After a long battle with stage 3 cancer at the age of 22, Nicole was in a bad financial spot. Thankfully, she beat cancer, but she was left with a pile of medical debt, collection accounts, and high credit card balances in the aftermath.
Nicole struggled for years with bad credit after her experience. In 2015, she was finally ready to tackle her five-figure credit card debt. And she accomplished her goal with the use of balance transfer credit cards.
Her credit wasn’t perfect at this point, but it was good. She and her husband opened a total of six credit cards with 0% APR introductory balance transfer offers. As they opened the cards, they would transfer high-interest credit card debt away from Nicole’s existing accounts.
Little by little, over a five-year period, Nicole chipped away at her credit card debt. As her credit card utilization began to come down, her credit scores and her husband’s scores came back up. Qualifying for those balance transfer credit cards (and using them wisely) was Nicole’s ticket to a happier, credit card debt-free life.
“After I recovered from my trials and tribulations, I launched my business,” says Nicole.
Today, Shanté Nicole is the CEO and founder of Financial Common Cents, a nonprofit that helps children and adults develop savings and debt management strategies, budgeting, and more.
“I’ve helped thousands achieve their credit and financial goals, as well as myself. I’ve purchased a home, paid off over $50,000 in debt, got the lowest interest rate offered on my auto loan, and paid off two student loans,” says Nicole.
“I am forever grateful for what I’ve gone through, because it opened the door for me to help so many others.”
Negotiating with Debt Collectors
No one likes to hear from debt collectors. But you don’t have to be intimidated when collection agencies call or send you letters.
As a consumer, you still have a lot of rights in these situations. The Fair Debt Collection Practices Act (FDCPA) protects you from unfair and abusive practices, and so do a number of other consumer protection laws.
When your financial situation improves, you can often settle out your debts for less than you owe. This CreditWriter guide will give you 5 expert tips on how to negotiate with debt collectors.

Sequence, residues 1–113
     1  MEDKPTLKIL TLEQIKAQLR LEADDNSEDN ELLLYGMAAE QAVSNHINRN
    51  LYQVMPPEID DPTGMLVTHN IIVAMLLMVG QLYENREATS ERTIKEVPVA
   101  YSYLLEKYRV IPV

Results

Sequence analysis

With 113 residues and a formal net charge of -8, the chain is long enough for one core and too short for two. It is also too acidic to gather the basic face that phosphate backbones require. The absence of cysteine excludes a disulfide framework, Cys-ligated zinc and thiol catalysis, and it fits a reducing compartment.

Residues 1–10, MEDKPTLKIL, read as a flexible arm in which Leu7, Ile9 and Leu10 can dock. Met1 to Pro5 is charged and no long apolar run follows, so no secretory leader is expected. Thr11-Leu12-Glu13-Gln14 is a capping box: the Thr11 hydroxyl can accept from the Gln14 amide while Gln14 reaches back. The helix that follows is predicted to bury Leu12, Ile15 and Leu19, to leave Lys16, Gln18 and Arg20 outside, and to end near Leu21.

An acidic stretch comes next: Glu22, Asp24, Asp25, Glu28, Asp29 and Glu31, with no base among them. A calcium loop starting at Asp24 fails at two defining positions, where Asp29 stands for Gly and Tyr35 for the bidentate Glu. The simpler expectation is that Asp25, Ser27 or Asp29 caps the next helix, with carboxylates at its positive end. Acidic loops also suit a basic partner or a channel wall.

Refinancing to a Lower Interest Rate
Perhaps one of the best ways to take advantage of a good credit score is to secure a low interest rate when you borrow money. However, if you don’t snag the best interest rate at first, that doesn’t mean you have to be stuck paying a higher APR forever.
Lorena Muñoz-Holliday, bilingual financial counselor and host of the podcast De Peso a Peso, wanted to lower the interest rate on her home loan. Thanks to her good credit score, she was able to accomplish that goal.
Muñoz-Holliday successfully refinanced her mortgage, walking away with a better interest rate and lower monthly payment. And she didn’t stop there. She went on to take out a business loan for a rental property as well.
“My most recent win,” says Muñoz-Holladay, “was to be able to obtain the best credit card with travel rewards.”
She looks forward to earning valuable rewards on her everyday spending — rewards she would miss out on if she was paying with cash or a debit card.
Using credit card rewards can be a great way to travel without putting a strain on your budget. And if you’re careful to pay off your full statement balance each month, you can earn those rewards without paying a single penny (or a peso) in interest fees.
Michelle Lambright Black is a leading credit expert, writer, speaker, and credit expert witness with nearly two decades of experience in the credit industry. She is an expert in credit reporting, credit scoring, financing (mortgages, credit cards, loans), debt eradication, budgeting, saving, and identity theft. She’s featured in print monthly with brands such as FICO, Forbes, Reader’s Digest, LendingTree, Experian, and more. Connect with Michelle on Twitter (@MichelleLBlack) and Instagram (@CreditWriter).